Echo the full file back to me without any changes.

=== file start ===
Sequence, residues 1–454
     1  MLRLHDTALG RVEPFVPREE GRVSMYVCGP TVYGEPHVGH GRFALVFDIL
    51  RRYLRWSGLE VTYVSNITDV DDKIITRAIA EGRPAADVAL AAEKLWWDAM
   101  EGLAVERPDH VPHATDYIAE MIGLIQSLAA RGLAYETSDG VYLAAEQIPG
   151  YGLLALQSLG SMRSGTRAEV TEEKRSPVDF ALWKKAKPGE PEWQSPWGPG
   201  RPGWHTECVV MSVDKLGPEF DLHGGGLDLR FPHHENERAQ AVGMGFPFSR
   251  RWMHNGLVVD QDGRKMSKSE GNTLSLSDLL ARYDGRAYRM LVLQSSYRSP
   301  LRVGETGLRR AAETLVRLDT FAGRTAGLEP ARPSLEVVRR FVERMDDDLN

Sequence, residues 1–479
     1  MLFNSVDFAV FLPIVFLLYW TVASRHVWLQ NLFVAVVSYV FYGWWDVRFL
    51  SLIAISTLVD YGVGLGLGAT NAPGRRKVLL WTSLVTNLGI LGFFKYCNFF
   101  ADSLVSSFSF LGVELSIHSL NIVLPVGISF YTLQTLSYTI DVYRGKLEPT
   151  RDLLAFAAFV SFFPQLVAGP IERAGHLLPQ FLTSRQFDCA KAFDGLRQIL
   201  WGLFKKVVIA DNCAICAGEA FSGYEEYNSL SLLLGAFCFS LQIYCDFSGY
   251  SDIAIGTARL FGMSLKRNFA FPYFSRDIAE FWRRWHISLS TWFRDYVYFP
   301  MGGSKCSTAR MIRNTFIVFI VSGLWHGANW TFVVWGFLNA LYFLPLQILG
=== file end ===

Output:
Sequence, residues 1–454
     1  MLRLHDTALG RVEPFVPREE GRVSMYVCGP TVYGEPHVGH GRFALVFDIL
    51  RRYLRWSGLE VTYVSNITDV DDKIITRAIA EGRPAADVAL AAEKLWWDAM
   101  EGLAVERPDH VPHATDYIAE MIGLIQSLAA RGLAYETSDG VYLAAEQIPG
   151  YGLLALQSLG SMRSGTRAEV TEEKRSPVDF ALWKKAKPGE PEWQSPWGPG
   201  RPGWHTECVV MSVDKLGPEF DLHGGGLDLR FPHHENERAQ AVGMGFPFSR
   251  RWMHNGLVVD QDGRKMSKSE GNTLSLSDLL ARYDGRAYRM LVLQSSYRSP
   301  LRVGETGLRR AAETLVRLDT FAGRTAGLEP ARPSLEVVRR FVERMDDDLN

Sequence, residues 1–479
     1  MLFNSVDFAV FLPIVFLLYW TVASRHVWLQ NLFVAVVSYV FYGWWDVRFL
    51  SLIAISTLVD YGVGLGLGAT NAPGRRKVLL WTSLVTNLGI LGFFKYCNFF
   101  ADSLVSSFSF LGVELSIHSL NIVLPVGISF YTLQTLSYTI DVYRGKLEPT
   151  RDLLAFAAFV SFFPQLVAGP IERAGHLLPQ FLTSRQFDCA KAFDGLRQIL
   201  WGLFKKVVIA DNCAICAGEA FSGYEEYNSL SLLLGAFCFS LQIYCDFSGY
   251  SDIAIGTARL FGMSLKRNFA FPYFSRDIAE FWRRWHISLS TWFRDYVYFP
   301  MGGSKCSTAR MIRNTFIVFI VSGLWHGANW TFVVWGFLNA LYFLPLQILG